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2nd June 2011
AIME Call for Member Views – Comms Act 2015
The government has asked for feedback on ideas for new laws to govern the telecommunications, online-media and digital-content industries, as a prelude to introducing a new Communications Act in 2015.
In an open letter to people working in those industries, culture secretary Jeremy Hunt said the government is embarking on a wide-ranging review of UK communications rules "to ensure the regulatory framework in place is fit for the digital age".
The current Communications Act became law in 2003, and the informal consultation initiated recently is the first stage in coming up with a new regime.
"We want to ensure we have the framework in place to enable further success and promote healthy competition and growth in this innovative sector," Hunt wrote with regards to the broadband and radio spectrum aspects of the policy review. "We need to adopt a flexible solution to this challenge. A deregulatory approach that deals with these developments to the benefit of both consumers and citizens, and also industry, is the aim."
While the government is focused on growth in the relevant industries, "the wider public interest will always underpin our approach to how any issues are addressed", Hunt noted. He stressed the government remains "committed to the principle of independent regulation and will ensure that Ofcom has the right powers and duties to work in a way that gives businesses confidence in the regulatory system".
It may seem fairly early in the regulatory process to be considering what shape the future regulatory environment should take. However, AIME has been at the forefront of representing industry to government and the regulator Ofcom since 2000 and in our experience, having chewed through 28 regulatory consultations, each major consultation takes about 2-3 years from start to finish. The enormity of this task set out by Jeremy Hunt is not underestimated and to squeeze the process into 4 years will be some achievement. To this end AIME has already met with Jeremy Hunt’s policy advisor last year to highlight several issues around the current regulatory environment. There’s currently a blank canvass and by representing industry views early we have an opportunity to influence the foundations of a future regulatory framework that is appropriate to industry and consumer needs.
The current "dialogue" is not a formal consultation, but rather a "first stage in engagement with a view to a Communications Bill" that will appear in draft form around 2013, a spokeswoman for Hunt's Department for Culture, Media and Sport (DCMS) told AIME.
The questionnaire includes questions such as: "What action can be taken to facilitate greater innovation and growth across the wider competition regime, and how can deregulation help achieve this?"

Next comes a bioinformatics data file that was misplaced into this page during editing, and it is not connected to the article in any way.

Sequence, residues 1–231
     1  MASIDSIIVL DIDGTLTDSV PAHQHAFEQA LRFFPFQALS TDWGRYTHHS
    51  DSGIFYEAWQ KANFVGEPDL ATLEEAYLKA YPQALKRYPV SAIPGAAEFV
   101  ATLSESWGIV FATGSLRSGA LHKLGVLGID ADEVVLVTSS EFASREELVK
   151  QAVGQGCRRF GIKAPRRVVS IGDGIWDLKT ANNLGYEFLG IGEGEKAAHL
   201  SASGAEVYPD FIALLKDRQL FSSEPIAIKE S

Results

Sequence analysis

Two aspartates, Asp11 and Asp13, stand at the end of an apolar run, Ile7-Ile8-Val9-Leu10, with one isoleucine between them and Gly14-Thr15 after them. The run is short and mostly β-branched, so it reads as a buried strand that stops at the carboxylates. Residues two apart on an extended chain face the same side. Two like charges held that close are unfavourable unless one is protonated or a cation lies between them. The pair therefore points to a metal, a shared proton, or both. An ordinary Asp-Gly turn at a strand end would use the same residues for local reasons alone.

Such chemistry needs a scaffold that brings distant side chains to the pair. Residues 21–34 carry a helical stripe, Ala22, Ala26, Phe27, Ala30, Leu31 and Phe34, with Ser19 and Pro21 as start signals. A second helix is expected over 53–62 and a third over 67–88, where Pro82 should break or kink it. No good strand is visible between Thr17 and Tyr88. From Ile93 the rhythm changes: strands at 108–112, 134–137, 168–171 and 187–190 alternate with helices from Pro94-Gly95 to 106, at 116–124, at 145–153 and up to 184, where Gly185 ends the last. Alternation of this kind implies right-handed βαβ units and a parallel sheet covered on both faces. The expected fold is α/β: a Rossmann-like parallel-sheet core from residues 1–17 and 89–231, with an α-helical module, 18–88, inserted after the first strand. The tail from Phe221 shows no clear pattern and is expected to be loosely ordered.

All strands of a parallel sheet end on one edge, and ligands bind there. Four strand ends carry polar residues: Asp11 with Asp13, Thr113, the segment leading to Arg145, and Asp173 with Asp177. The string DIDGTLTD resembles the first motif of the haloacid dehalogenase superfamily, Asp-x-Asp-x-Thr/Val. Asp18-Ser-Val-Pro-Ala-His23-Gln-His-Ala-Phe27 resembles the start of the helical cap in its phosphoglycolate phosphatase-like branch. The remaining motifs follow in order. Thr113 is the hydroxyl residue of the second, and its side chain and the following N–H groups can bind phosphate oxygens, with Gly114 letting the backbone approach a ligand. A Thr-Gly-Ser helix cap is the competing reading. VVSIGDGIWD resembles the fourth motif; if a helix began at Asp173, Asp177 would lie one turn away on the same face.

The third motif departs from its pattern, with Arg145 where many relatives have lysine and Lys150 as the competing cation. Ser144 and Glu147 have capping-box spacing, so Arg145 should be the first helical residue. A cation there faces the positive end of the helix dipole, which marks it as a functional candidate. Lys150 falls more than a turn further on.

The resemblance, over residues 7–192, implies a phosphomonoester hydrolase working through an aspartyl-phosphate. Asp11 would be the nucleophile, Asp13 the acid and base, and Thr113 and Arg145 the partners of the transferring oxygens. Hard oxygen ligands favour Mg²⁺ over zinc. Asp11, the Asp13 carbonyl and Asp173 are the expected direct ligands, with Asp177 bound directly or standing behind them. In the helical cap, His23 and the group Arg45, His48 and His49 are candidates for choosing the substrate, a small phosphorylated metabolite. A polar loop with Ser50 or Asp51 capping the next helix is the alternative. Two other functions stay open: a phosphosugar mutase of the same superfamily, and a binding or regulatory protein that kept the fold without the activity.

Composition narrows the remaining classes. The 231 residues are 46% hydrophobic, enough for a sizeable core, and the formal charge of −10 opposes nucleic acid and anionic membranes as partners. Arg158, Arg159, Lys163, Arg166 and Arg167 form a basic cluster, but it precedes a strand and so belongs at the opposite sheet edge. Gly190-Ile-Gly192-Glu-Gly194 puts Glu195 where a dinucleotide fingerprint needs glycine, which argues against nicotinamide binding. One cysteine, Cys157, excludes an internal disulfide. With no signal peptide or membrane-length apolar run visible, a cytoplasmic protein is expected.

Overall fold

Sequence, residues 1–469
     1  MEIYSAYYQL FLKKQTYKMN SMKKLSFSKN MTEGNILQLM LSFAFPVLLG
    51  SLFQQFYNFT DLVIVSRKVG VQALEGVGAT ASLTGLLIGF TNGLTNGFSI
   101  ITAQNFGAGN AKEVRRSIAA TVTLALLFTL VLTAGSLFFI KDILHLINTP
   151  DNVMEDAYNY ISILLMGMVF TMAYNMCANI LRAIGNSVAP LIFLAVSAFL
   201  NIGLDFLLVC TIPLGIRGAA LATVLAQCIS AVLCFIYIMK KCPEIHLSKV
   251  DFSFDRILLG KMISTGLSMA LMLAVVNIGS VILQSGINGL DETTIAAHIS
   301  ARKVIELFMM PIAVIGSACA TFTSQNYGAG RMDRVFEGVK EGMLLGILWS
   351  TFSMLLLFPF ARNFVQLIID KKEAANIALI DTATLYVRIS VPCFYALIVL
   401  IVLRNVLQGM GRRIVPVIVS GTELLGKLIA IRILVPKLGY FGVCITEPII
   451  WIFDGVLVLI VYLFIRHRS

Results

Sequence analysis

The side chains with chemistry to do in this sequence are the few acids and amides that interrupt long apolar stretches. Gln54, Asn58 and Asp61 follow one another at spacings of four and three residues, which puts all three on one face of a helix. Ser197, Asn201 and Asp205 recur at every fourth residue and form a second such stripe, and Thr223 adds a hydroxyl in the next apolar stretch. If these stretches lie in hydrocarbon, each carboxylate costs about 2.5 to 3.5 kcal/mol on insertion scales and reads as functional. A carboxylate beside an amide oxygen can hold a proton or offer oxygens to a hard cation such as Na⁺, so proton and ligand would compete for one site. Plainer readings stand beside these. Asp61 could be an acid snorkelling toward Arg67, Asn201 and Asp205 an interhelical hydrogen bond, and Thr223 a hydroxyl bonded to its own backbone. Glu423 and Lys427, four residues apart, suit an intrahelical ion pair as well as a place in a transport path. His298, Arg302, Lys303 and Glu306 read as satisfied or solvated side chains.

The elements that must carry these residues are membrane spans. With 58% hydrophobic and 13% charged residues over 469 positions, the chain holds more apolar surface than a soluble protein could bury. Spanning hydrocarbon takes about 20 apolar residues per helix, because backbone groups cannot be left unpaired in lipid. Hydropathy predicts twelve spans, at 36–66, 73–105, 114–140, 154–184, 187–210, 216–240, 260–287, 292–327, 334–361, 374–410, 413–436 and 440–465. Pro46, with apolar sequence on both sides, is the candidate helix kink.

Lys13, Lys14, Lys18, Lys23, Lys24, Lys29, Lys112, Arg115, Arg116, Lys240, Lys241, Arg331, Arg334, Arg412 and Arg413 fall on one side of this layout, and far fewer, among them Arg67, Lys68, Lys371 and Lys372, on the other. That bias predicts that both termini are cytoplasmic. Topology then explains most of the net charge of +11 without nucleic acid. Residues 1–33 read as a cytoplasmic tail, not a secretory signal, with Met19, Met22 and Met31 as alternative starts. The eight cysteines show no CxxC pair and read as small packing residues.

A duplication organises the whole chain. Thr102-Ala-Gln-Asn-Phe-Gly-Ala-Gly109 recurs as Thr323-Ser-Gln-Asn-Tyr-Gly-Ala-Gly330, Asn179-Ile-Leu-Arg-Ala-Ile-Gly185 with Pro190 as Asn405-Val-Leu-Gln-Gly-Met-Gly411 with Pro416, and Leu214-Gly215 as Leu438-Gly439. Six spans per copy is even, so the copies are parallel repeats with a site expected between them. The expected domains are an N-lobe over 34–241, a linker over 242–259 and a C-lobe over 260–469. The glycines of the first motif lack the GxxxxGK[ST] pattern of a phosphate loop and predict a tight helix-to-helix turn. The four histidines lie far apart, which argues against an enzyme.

Deregulation sounds good because it’s easier to implement, but before zooming into detail about what framework should exist, at this stage our initial comments need to reflect a back to basics understanding of how the market has changed since 2003, and how the converged media environment interconnects across industry – then we can start to unpick the current framework which sees many member services working within the remit of seven regulatory bodies. Please take time to read the call for input, consider the questions posed and provide us with any early views you have.
Of note, ILP is likely to also submit views. AIME met recently with PhonepayPlus and other ILP members to discuss the prospect of a joined up industry response. It has been agreed that ILP will initially draft a paper for circulation to ILP members and this will highlight areas such as the importance of micropayments for future UK commerce. It will also touch on the term Premium Rate and reflect on whether the broader market of micropayment solutions needs CPRS-style micro-regulation.
A section of the questionnaire is entitled "Creating the right environment for the content industry to thrive". Much of this is to do with public broadcasting, and the accompanying text noted that the section does not cover intellectual property issues, the government’s plans for which will derive from the upcoming Hargreaves Review.
You can respond to Jeremy Hunt’s open letter online until 30 June. Evidence collected in the review will be used to inform the development of a Green Paper which will be followed by a long period of consultation with a view to producing a White Paper and Draft Bill by April 2013.
Please copy AIME Secretariat with any views sent to DCMS directly. firstname.lastname@example.org